Finance Stuff The School System Don’t Teach Your Young Child

I believe that financial literacy should start at a young age.
Because I’m sure when you were a young adult and started working for the first time, the financial responsibility that falls on you may be quite shocking.

“How do I decide what to do first?”
“How much should I save?”
“Should I invest?”

And then you realise, you can’t make sound money management decisions.

In Fact, in Singapore, you will hear many cases about young adults in their 20s not knowing how to manage their money, and still have their parents paying for their bills!

That’s why it is best to learn how to start teaching them at a young age,
And this is how you can start.

Building A Foundation

Firstly, it is important to give an identity to money.
That sentence may sound funny, but people identify with things easier if something had an identity.
Like the way as kids, we identify with our favourite cartoon characters,
And can almost recognise it as a sentient being.

As soon as your kids start getting to know about money,
Ask them the following questions:

“Where do you think money come from?”
“What do you think money is?”
“What do you think we use it for?”

These are ways you can use to stir up your child’s interest,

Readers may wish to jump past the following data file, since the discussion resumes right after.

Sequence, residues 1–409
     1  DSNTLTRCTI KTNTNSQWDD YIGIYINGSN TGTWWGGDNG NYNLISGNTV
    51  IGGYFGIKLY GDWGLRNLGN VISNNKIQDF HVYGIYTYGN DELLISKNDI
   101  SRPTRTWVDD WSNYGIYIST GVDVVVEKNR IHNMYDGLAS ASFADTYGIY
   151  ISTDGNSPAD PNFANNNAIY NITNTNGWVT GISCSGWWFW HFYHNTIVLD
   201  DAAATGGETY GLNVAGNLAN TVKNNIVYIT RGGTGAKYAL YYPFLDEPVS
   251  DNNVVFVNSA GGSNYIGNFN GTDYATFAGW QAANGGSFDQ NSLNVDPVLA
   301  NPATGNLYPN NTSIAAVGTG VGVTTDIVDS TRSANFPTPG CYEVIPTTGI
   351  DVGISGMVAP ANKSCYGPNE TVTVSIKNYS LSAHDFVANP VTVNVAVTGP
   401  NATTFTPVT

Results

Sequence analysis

And start explaining to them where money come from.

Generally, the first few things you learn as a child is how to communicate,
And then you proceed to the school’s curriculum of in-depth language,
Math, Sciences, etc.

But not about money.

And you may neglect this important piece of education because
You think that it’s too difficult for kids.

But think about it…

If you don’t start now, will it get easier as they go through the rebellious stage
Where you think they are more ready?

I’m sure my rebellious phase of life didn’t help me learn much things for that matter.
That’s why I feel you should start educating children while they are most receptive to learning.

Fostering The Savings Habit.

Once you have them familiarised with what money is,
You can prep your child for allowances
by giving them different denominations of money,
And letting them put the money inside a box or piggy bank.

Although this may not teach them anything about money management,
But it will get them accustomed to storing money, and let them watch it grow
So they can see for themselves how money accumulates.

This will motivate them to save more as they watch their money grow.

A good habit is nurtured step by step,
And this practice can get them to create the habit of storing money,
As well as learning the different denominations of money.

Spreading Their Savings Out.

Now that they have gotten they hang of moving their hands towards the piggy bank…
And once they start receiving allowances, it is time to teach them how to divide their finances.
And example of categories would be:
1) Money to be spent
2) Money to be saved

You can also go further to include money for investments & donations as you see fit.

Break the School System!

Normally, you only start learning the importance of good money management by the time you start working. That’s way after your education ends. The obvious reason why is because…

They don’t teach you this in the Primary or Secondary school system,
And there’s no nurturing of money habits in the curriculum.

Therefore, it is up to you, as a parent to nurture your children so they don’t make the same mistakes
That the young and reckless adults do.

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